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 Weather Station

Products > Agave titanota 'Black and Blue'
Agave titanota 'Black and Blue' - Black and Blue Agave

Habit and Cultural Information
Category: Succulent
Family: Agavaceae (now Asparagaceae)
Origin: Mexico (North America)
Evergreen: Yes
Bloomtime: Infrequent
Synonyms: [A. 'Black and Blue']
Height: 1-2 feet
Width: 2-3 feet
Exposure: Full Sun
Irrigation (H2O Info): Low Water Needs
Winter Hardiness: 25-30 F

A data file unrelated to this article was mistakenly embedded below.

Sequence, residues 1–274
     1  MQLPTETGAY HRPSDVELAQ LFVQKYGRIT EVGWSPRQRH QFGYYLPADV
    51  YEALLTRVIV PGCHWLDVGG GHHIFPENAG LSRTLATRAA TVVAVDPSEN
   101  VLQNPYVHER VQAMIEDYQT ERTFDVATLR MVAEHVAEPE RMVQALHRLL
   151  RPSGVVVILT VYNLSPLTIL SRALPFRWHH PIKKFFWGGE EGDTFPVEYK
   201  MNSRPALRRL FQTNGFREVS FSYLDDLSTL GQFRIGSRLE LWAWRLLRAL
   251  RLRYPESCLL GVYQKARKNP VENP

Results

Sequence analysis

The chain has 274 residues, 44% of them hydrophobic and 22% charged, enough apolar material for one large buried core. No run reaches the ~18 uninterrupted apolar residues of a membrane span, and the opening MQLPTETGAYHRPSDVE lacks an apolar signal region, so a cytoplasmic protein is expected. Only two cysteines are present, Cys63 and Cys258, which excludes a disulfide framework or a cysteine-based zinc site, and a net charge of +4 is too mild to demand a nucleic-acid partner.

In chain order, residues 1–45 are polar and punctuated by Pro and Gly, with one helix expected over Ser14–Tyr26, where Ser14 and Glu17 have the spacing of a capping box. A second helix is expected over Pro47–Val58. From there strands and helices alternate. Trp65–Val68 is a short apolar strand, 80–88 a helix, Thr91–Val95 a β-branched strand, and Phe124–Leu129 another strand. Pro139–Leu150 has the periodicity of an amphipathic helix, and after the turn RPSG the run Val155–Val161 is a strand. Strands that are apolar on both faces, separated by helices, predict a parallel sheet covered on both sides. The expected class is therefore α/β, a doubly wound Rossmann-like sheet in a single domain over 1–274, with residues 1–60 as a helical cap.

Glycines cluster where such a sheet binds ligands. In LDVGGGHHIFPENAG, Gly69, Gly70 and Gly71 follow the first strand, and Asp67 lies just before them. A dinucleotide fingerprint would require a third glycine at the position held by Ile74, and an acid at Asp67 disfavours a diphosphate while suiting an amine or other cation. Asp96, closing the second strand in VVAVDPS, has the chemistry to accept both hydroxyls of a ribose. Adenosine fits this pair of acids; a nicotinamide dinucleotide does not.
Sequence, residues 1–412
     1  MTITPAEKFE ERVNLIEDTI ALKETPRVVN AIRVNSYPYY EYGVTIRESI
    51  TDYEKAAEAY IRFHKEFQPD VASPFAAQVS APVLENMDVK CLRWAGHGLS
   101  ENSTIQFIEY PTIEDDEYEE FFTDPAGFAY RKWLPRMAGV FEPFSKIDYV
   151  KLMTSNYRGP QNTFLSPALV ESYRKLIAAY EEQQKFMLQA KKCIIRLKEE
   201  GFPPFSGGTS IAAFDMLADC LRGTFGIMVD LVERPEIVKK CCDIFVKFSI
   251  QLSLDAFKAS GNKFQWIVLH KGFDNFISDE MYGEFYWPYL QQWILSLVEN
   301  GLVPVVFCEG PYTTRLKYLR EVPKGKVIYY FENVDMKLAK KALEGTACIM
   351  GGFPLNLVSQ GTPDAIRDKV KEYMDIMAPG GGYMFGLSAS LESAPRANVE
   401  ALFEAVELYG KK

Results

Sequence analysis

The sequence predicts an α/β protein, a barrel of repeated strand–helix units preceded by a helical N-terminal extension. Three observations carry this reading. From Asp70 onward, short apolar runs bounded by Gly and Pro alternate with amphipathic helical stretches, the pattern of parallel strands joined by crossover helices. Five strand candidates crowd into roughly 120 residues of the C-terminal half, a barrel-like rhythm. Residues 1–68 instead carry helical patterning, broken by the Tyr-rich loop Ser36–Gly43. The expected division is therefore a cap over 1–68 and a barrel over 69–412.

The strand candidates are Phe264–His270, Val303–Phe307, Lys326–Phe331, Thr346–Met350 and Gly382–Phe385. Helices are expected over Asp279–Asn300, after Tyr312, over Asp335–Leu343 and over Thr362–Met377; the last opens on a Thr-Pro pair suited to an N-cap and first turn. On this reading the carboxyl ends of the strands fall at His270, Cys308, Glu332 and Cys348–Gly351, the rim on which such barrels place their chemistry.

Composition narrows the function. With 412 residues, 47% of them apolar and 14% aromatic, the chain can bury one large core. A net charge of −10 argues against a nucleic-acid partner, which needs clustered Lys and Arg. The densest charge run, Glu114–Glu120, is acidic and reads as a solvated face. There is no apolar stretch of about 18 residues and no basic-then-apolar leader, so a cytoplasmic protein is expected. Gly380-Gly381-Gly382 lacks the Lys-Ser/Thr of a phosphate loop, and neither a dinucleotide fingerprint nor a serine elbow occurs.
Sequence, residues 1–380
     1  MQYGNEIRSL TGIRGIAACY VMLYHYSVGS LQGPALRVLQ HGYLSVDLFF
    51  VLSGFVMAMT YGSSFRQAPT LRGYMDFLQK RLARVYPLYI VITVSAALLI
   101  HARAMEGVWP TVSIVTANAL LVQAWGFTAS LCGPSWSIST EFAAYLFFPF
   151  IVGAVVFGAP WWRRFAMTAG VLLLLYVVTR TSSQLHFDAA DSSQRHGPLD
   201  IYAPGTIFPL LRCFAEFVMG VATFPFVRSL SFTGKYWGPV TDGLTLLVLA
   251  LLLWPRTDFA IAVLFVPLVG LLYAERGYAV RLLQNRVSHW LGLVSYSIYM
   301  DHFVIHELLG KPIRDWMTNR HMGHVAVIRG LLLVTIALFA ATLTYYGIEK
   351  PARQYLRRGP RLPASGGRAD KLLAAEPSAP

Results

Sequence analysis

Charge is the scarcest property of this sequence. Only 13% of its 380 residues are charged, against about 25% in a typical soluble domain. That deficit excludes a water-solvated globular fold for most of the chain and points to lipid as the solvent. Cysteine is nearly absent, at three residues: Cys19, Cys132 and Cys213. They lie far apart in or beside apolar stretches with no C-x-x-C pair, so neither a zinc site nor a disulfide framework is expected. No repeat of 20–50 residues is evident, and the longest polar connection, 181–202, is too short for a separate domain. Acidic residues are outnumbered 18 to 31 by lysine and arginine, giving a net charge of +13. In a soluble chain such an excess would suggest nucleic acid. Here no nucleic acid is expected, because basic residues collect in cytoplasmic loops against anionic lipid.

Agave titanota 'Black and Blue' (Black and Blue Agave) A tight smaller agave with rosettes to about 1 foot wide with thick pale bluish gray colored leaves that have very dark, nearly black teeth along the margins. Older plants pup to form a nice tight cluster. Plant in full sun in a well-drained soil and irrigate only occasionally. Should be hardy to at least 25 F. This plant is a selection made by Kelly Griffin from seed collected near a location called Tepitizonga in Oaxaca. It was introduced by Rancho Soledad Nursery and is being produced by tissue culture by Rancho Tissue Technologies. We list it as a cultivar of Agave titanota, a larger plant that is typically more of a pale gray color and it is yet unclear whether 'Black and Blue' is a cultivar or hybrid of this species, which itself has become even more confusing with several of the plants thought to be forms of Agave titanota recently being described as new species. For more information on these see our listings of Agave titanota and Agave oteroi. A great accent plant to contrast with darker colored plants. A very interesting plant and quite different from Agave 'Felipe Otero' (FO-076), that is thought possibly to be a form of Agave titanota. We thank Tony and Holly Krock of Krock Nursery in Goleta, California for getting us started on this very nice agave.  The information on this page is based on the research that we have conducted about this plant in the San Marcos Growers library, from what we have found on reliable online sources, as well as from observations made of our crops of this plant growing in the nursery and of plants growing in the nursery's garden and those in other gardens where we may have observed it. We also have incorporated comments received from others and welcome getting feedback from those who may have additional information, particularly if this information includes cultural information that would aid others in growing Agave titanota 'Black and Blue'.